He realized that the true face of God towards people was not an angry mask. It was and is the face of Jesus. And when he took God's Word seriously and actually read it, when he believed it simply for what it said without all the baggage of human explanations, he realized: God loves me. God really loves me. He doesn't love me because I'm so loveable. No, he loves me because when he looks at me, he sees me in the same way that he sees his dear son, Jesus. This is what the righteousness of God is. It is not simply that God is holy, and I am unholy. It is that God is also love, and in his love, he gives me his own righteousness to put on and allows me to wear it my entire life. Luther said, "Faith is how I obtain this robe of righteousness. Faith in Jesus' death on the cross for me."
For so many years Luther had thought of Jesus as an example he had to follow. The Gospel revealed to him that Jesus was first and foremost his substitute. Jesus didn't come to earth to show Luther how to save himself. He came to do it all for him. To live as the perfect son of his Heavenly Father. To die and pay for the sins of the world."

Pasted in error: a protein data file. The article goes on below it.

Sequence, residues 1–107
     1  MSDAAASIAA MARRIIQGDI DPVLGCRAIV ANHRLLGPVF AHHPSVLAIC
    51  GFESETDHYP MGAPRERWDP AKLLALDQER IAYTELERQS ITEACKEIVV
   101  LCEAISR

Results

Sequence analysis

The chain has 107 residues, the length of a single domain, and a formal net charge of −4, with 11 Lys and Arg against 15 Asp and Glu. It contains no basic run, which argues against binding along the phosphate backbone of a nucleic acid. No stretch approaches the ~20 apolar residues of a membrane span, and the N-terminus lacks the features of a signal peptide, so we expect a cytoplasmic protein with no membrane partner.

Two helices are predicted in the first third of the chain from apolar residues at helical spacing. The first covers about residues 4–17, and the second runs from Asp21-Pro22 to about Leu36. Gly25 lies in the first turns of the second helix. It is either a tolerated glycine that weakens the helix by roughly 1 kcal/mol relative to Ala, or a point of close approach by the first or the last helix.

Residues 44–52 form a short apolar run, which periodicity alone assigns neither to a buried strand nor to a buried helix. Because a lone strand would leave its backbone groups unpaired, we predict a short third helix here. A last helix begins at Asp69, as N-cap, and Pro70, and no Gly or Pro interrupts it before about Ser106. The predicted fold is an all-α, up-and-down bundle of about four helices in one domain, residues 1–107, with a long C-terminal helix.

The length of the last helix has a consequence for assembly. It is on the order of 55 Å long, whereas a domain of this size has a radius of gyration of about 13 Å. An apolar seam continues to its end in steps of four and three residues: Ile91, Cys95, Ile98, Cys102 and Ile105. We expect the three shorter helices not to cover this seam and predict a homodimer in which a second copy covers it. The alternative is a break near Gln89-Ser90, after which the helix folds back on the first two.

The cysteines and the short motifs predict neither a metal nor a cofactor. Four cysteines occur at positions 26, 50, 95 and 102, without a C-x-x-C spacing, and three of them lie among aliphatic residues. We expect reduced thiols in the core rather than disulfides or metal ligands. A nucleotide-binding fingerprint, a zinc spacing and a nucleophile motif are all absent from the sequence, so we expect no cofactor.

If you were to die tonight, do you know where you would go? For his entire life, that was the question that haunted Luther. Now he knew. He was 100 % sure. God cannot lie. God's promise was that Jesus died for him. God's promise was that his sins were paid for—and that this already happened. He didn't still need to pay off his sins himself. So he was saved! Does that mean that Luther no longer cared about his life on earth and had no apprehensions about the cost of being faithful to God's Word? Of course, he had apprehensions. Of course, he agonized about what might happen to his life. But when he thought of Jesus he concluded, "He is what I want most of all."
It must have been magical for the twelve disciples to spend so much time in the intimate presence of Jesus while he was with them on earth. For the rest of their life, the thought that consumed them was, "I want that again. I want to be with Jesus. Deny him? No. Be silent about him? No way. Be ashamed of him and his words? Never!”
But to follow him? Oh yes. To be faithful to him? Yes. To love him above all things? Yes. I think I really do.
Loved ones, God will be with you as you suffer scorn and shame for him. He will strengthen you as you remain faithful to his Word. Amen.